Put simply, the function of the leg is the locomotion of the body, in the case of humans even when walking upright. In order to make this possible, a highly sophisticated interplay between the foot muscles (especially when standing on one leg), leg muscles, pelvic muscles, the spine and sometimes, to compensate, the arms is required .

Humans usually learn this interaction during the first year and a half of life, after that it happens automatically, so we don’t have to constantly concentrate on it. Basically, it is a very complex job that the brain performs here as a matter of course: Nerve impulses from the skin , muscles and joints constantly give feedback about their touch receptors, joint position, muscle stretching status and so on.

Much runs as an automated reflex at the level of the spinal cord and is “sent back” directly as a motor response to the place of origin, but much is also modulated and regulated by the cerebellum and cerebrum, where not only stored movement patterns are executed, but of course also the eye and vestibular system important word “have a say”.

Diseases & Ailments

This is precisely why it is so important that the nerves in the leg function well: If they are disturbed by long-term elevated blood sugar levels (diabetes), injuries (broken bones with nerve tear) or pressure damage ( herniated discs , positioning damage), the person loses their sense of touch.In diabetics, this first happens on the soles of the feet, there is constant tingling, and small injuries are no longer noticed and permanently lead to major soft tissue damage and bone infections. In the case of a herniated disc, sensory and motor deficits are in the foreground, since the disc in the lumbar spine squeezes the entire nerve supplying the leg at the point where it exits the spinal cord .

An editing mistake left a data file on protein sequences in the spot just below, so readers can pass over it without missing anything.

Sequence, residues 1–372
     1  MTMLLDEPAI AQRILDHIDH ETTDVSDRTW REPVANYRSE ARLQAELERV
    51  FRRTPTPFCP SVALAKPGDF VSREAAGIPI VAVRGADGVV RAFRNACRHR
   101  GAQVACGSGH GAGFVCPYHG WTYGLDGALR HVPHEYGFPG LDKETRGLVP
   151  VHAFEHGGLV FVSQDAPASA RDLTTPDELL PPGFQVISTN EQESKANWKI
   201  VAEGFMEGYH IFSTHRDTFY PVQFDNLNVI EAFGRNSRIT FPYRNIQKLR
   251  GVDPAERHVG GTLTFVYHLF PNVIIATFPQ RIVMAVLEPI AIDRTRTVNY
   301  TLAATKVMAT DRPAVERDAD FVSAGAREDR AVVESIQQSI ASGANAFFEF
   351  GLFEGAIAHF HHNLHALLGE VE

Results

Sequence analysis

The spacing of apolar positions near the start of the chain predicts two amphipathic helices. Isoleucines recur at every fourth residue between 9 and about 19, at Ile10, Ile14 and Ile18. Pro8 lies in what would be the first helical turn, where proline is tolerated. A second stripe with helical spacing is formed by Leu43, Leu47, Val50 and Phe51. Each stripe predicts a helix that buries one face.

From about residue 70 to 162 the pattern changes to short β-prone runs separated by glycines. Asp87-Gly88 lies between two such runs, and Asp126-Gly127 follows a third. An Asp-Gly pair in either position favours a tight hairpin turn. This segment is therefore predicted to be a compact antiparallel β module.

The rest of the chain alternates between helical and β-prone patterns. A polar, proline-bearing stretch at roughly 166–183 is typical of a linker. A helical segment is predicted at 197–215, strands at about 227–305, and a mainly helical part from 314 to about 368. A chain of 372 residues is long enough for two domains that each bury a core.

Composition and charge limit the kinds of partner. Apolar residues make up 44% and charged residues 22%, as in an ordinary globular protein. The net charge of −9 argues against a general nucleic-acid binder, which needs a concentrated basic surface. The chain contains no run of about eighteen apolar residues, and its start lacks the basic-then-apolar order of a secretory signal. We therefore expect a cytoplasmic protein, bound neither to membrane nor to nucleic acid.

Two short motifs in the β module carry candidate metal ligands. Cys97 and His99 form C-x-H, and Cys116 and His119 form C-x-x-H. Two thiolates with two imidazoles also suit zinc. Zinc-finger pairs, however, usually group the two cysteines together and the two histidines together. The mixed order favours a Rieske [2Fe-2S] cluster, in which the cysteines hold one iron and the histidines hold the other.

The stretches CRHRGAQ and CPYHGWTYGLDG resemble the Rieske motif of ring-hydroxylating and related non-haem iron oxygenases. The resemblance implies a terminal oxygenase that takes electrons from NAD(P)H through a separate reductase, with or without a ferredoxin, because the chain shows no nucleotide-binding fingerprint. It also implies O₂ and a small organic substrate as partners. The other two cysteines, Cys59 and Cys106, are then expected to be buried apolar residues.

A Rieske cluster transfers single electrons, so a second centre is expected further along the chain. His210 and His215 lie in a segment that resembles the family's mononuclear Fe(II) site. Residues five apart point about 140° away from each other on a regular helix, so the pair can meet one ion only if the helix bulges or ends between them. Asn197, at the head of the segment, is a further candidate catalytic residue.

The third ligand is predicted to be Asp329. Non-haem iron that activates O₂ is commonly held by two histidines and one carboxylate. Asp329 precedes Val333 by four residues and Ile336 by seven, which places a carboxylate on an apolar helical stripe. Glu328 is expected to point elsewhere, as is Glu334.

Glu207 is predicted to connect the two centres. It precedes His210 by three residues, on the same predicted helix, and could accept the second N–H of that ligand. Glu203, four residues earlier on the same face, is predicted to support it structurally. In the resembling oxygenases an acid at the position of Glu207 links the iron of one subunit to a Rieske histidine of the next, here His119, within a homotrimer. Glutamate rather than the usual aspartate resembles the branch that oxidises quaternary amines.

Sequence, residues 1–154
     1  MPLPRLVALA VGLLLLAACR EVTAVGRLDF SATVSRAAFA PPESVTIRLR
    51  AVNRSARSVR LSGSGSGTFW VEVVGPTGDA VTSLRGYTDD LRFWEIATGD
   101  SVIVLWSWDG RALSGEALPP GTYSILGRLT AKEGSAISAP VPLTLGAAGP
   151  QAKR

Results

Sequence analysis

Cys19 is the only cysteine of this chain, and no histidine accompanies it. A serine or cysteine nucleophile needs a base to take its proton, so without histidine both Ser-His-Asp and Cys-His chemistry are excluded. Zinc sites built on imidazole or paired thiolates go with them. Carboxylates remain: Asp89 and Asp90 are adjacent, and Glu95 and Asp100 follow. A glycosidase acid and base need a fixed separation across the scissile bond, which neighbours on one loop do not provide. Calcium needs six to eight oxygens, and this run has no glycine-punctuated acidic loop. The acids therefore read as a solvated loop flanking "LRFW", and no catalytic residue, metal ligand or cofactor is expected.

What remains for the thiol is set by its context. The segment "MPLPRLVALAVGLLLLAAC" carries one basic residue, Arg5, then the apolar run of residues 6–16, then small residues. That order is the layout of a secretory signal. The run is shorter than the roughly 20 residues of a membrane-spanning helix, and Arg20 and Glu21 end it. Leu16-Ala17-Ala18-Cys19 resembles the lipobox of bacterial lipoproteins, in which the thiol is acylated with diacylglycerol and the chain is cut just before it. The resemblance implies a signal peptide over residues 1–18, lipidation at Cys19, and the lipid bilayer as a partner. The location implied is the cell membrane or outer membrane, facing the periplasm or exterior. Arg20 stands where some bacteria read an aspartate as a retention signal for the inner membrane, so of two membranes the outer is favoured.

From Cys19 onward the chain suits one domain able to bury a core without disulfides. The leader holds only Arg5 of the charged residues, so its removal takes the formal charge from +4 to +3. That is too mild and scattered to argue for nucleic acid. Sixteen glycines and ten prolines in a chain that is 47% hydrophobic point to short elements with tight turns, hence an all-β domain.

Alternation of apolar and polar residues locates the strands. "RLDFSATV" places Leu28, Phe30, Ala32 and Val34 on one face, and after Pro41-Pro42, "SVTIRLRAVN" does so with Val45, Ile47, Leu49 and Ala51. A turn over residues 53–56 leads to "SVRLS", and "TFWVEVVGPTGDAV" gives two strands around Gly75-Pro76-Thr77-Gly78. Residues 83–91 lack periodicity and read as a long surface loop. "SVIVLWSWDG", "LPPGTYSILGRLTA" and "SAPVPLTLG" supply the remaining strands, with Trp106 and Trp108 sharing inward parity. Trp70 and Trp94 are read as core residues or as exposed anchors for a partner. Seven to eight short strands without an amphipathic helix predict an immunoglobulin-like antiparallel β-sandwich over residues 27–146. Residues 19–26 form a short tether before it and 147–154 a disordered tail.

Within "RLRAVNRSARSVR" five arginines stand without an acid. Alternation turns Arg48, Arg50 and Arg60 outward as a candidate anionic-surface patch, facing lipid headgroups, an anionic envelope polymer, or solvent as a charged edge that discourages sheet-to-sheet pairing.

The blood supply to the leg is also a frequent cause for concern and torments many people, especially in old age: Atherosclerosis caused by age, smoking , malnutrition, obesity and high blood pressure damages not only the coronary arteries ( heart attack ) and cerebral vessels ( stroke ) but also the blood supply to the leg and leads to the so-called ” window display disease” PAVK (peripheral arterial occlusive disease):

After just a few steps, those affected experience pain in their legs because the muscles can no longer be supplied with sufficient blood, and they therefore first stand for a few minutes at each shop window until the pain subsides. In more advanced stages, parts of the leg can also die off.

In addition to these two “internal” main diseases of the leg, there are of course still a lot of broken bones, torn muscle fibers , torn ligaments and overload complaints that affect the leg and especially young people and athletes. In older age, arthrosis of the hip and knee joint is a frequent accompaniment, which can lead to considerable pain and limitations in mobility and quality of life.

Lisa Newlon
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Hello! I am Lisa Newlon, and I am a medical writer and researcher with over 10 years of experience in the healthcare industry. I have a Master’s degree in Medicine, and my deep understanding of medical terminology, practices, and procedures has made me a trusted source of information in the medical world.